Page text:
L.A. Grapevine, December 2009For years, as I made the daily commute from Studio City to Hollywood through the Cahuenga Pass, I drove past the iconic mid-century building that housed 12/01/2009 7:00 AM Eastern
For years, as I made the daily commute from Studio City to Hollywood through the Cahuenga Pass, I drove past the iconic mid-century building that housed Hanna-Barbera Studios. But The Flintstones and Jetsons are long gone; in their place are the engineers of Universal Mastering Studios West, one of three mastering studios in the States owned and operated by the Universal Music Group; the others are in Santa Monica and Manhattan.
UMSW took over the premises following construction of a seven-room state-of-the-art facility inside what was formerly a warehouse space. The turnkey project was designed and overseen by Hanson Hsu's Delta H Design Inc., employing the firm's trademarked ZR (which stands for zero reflection) Acoustics
The facility was installed within the existing building in a “doughnut hole” arrangement, with hallways separating and surrounding the exterior of the newly built structure from the interior walls of the surrounding building. It looks conventional, but it sounds incredible, even though the rooms have yet to be totally tweaked out in terms of gear and placement. You don't have to take my word for it — just ask the guys who work in these rooms.
“I love the way the room sounds; it's totally transparent,” says senior mastering engineer Erick Labsen, taking a quick break from a session in Mastering B. “The room is very revealing; I'm really happy with the way things sound in here, and then, when I take them out and listen to them on other systems, they sound great, as well. When Hanson showed me how it works, I thought, ‘Why hasn't anyone thought of this before?’ He's come up with something that's groundbreaking in room design. From a physics and math point of view, I think it's absolutely brilliant.”
“When Hanson showed us how ZR works, our jaws dropped,” says senior mastering/mixing engineer Pete Doell. “It really sounds like such an obvious thing in a way. But on another level, it's like from Mars. You can stand in the corner and the bass doesn't build up, and you can hear everything coming out of both speakers. It's a good thing not only for the mastering engineer, but for the client.”
According to UMG's senior VP of Studio & Vault Operations, Paul West, Hsu's nontraditional proposal was attractive because it met the studio's “eclectic” needs. “The idea of building small rooms for production, mid-sized rooms for editing and some mastering and larger rooms with mixing and mastering capabilities — all being of the same acoustic signature and design — was the key for making that decision,” West explains.
“I didn't believe it till I heard it,” says quality-control specialist Charles Cosin, who works in P4, one of the compact production rooms. At Hsu's suggestion, I've brought three CDs from my current listening stack, and Cosin gives me his chair for a quick playback session. I start with “Come Together” from the remastered Abbey Road, then “1901” from Phoenix's Wolfgang Amadeus Phoenix and finally “Dear God” from Monsters of Folk's self-titled debut. None of them has ever sounded clearer, fuller or more enveloping to my ears. I turned to Hsu, and asked, “Can you do my family room?”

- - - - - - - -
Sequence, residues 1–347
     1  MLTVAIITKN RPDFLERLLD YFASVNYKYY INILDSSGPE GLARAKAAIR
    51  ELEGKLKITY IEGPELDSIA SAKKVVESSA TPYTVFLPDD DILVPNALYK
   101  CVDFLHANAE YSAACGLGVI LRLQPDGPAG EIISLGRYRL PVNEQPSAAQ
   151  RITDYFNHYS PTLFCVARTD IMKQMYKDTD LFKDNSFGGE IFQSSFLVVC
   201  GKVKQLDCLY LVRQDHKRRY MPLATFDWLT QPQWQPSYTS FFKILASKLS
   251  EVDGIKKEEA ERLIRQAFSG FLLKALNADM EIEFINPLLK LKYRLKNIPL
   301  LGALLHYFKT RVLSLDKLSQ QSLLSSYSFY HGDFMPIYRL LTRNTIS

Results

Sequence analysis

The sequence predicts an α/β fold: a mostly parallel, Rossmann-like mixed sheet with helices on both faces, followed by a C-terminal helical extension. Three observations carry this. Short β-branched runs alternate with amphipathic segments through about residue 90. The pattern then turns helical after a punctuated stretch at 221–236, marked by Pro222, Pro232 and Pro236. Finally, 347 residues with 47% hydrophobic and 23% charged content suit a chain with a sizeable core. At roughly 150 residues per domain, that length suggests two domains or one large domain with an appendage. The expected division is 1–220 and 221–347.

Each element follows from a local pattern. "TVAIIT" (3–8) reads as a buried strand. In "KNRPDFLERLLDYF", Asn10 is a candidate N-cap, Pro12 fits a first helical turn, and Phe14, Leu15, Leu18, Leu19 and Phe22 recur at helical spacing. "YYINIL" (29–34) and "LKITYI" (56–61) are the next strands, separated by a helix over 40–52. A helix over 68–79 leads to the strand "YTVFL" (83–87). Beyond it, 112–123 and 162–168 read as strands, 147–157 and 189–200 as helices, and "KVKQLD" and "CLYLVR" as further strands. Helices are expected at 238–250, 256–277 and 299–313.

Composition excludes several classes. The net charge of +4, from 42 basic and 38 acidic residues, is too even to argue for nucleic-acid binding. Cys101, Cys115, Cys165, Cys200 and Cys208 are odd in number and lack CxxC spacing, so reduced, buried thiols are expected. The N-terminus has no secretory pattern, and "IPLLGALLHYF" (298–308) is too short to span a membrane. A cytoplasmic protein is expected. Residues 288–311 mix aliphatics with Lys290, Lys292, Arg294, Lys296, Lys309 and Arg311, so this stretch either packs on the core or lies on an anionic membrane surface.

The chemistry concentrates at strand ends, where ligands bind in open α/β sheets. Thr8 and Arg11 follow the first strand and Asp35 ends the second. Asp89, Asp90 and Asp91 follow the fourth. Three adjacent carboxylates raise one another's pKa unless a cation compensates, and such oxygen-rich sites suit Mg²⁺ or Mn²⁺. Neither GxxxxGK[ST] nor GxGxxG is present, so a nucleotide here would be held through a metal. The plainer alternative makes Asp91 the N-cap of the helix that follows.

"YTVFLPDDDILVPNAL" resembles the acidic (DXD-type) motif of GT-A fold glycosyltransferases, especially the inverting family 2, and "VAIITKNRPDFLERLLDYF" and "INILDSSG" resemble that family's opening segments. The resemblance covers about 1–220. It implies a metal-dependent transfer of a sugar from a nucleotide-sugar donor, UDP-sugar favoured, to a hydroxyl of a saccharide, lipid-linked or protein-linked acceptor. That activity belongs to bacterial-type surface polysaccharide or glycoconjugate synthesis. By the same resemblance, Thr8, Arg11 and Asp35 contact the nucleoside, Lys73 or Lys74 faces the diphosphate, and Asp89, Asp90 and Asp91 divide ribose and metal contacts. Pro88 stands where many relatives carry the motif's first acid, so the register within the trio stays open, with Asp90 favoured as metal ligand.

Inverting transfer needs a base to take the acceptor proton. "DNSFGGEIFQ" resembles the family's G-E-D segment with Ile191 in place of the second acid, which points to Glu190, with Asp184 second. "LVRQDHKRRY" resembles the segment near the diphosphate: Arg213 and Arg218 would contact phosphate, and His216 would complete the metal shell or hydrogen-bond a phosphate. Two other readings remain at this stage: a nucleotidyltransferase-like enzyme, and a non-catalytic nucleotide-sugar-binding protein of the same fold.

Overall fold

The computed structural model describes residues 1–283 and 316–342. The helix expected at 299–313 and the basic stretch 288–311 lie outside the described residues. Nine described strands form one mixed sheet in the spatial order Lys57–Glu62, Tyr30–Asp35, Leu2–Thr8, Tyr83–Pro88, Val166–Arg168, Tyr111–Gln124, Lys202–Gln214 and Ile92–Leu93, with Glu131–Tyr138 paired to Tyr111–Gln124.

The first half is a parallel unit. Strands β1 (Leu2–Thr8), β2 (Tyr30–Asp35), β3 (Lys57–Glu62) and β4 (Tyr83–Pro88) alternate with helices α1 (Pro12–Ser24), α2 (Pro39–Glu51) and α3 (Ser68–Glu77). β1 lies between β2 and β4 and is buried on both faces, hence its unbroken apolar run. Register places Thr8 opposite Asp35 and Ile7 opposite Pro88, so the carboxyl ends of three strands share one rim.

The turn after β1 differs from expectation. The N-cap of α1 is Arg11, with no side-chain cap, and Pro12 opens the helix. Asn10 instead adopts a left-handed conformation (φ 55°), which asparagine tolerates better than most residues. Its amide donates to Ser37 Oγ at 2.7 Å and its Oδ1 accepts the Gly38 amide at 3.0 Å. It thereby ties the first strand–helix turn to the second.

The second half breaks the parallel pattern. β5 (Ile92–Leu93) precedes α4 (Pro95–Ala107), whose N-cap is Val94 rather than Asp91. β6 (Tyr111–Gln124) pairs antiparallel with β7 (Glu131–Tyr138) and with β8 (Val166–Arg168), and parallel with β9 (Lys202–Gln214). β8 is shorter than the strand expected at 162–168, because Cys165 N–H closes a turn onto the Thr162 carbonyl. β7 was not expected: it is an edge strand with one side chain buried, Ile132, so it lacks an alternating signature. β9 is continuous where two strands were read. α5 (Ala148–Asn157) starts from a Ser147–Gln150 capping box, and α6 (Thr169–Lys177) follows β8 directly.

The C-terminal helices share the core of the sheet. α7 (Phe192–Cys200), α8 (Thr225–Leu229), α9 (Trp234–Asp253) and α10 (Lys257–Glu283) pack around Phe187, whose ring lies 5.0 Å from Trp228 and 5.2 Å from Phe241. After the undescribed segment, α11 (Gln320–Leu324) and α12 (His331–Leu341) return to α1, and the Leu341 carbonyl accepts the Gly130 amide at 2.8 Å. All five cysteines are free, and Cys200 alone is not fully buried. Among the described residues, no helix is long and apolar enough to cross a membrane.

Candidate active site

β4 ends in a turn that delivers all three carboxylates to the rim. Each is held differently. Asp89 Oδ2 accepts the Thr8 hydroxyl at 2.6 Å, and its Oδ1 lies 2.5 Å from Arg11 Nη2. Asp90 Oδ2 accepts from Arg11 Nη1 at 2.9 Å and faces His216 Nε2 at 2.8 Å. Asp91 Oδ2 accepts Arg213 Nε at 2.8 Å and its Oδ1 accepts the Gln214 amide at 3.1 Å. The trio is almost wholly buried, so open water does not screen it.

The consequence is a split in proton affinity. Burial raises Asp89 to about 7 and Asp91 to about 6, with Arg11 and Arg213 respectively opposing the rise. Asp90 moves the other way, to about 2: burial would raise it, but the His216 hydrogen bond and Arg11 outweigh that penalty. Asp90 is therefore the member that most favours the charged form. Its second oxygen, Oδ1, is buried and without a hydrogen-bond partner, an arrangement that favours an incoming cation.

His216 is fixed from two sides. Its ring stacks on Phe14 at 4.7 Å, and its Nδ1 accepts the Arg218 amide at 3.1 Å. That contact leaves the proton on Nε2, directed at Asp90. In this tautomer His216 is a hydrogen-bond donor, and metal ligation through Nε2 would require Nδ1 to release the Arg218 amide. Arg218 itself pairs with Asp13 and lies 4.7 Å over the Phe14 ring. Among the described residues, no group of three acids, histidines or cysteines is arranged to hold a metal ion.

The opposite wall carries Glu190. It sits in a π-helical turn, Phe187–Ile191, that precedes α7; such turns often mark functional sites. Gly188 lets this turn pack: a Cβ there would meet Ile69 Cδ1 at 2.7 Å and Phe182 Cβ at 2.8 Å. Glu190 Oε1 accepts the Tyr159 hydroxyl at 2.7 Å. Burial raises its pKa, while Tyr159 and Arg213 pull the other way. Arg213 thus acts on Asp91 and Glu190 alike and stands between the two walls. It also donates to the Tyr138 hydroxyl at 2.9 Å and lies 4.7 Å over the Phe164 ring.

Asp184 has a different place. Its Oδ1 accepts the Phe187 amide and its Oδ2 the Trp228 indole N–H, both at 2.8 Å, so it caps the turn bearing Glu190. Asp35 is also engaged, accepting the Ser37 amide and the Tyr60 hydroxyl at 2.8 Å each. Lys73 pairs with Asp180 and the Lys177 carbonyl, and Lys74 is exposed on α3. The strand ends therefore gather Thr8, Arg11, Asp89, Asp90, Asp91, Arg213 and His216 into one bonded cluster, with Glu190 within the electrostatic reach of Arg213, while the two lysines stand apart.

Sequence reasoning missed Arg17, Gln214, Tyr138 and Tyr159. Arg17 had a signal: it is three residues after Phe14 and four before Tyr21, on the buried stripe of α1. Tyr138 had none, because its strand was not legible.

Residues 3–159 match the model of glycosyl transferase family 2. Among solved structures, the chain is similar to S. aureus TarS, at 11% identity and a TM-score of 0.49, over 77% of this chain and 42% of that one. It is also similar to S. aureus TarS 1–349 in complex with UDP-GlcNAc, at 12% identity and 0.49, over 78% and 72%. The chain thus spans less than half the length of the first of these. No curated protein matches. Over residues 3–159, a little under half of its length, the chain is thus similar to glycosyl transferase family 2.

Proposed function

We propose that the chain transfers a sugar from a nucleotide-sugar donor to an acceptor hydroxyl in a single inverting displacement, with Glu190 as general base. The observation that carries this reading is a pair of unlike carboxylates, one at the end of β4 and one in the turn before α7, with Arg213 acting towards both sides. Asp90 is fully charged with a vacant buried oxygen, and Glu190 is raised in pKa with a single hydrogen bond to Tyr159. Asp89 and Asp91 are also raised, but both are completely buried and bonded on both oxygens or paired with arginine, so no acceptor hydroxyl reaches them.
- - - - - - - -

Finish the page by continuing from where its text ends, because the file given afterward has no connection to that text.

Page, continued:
“Look at this playback system — it's simple and clean,” Hsu says. “A Hafler amp, Dynaudio BM 15s with passive crossover and stock cables. And you're hearing it the short way in a rectangular room. You can clearly pick up minute details in the content, like being able to hear the difference between 96k/24-bit files and 44.1k/16-bit files.”
We head next door to P3, the bigger production room, where senior engineer/R&D specialist Ed Abbott does his thing. When I play the same three tracks through monitors Abbott designed for Dynaudio, the sound becomes downright 3-D.
Hsu takes me to the conference room, where I sign a nondisclosure agreement and he unrolls the ZR Acoustics blueprints for the job, making me privy to his secret recipe, which I am not at liberty to disclose; otherwise, he'll have to kill me. All I can say is it's insanely clever and so simple in principle. Smart guy, that Hanson Hsu.
“Every time we do a new generation of ZR, it improves exponentially,” Hsu points out. “And we're always discovering new things. For example, Pete Doell discovered while changing speaker cables that you get clear stereo imaging standing behind the speakers. I think I know why that happens, but I'm still working out the science on it.”
On Friday, Abbott and the UMG engineers will bring their ears to B, where they'll demo a pair of Lipinski Sound L-707s matched with dual subwoofers, which Abbott believes will be the optimum monitor configuration for the room. At the moment, there's an Audire Otez amp driving a variety of demo speakers, such as Dynaudio C3s and BM 15s, B&W 808s and the currently hooked-up Tannoy 215s.
“The room is big enough that I doubt one sub will cut it,” Abbott says of the need for two subwoofers. “Besides, the ZR math was worked out for stereo speakers, so trying to position one sub would be an exercise in compromise I'm not sure we'd be able to solve satisfactorily — although it might be worth the price of admission to watch Hanson melt down trying to figure it out.”
Abbott goes back to work in P3 and Hsu heads off to a meeting with studio manager Nick Dofflemyer, leaving me in B for some solo playtime. I slip in Abbey Road, crank up the volume and blast the second half through the Tannoys. Wow. If they go with the Lipinskis, I'll be glad to take the Tannoys off their hands and put them in my ZR Acoustics family room. Hey, I can dream, can't I?
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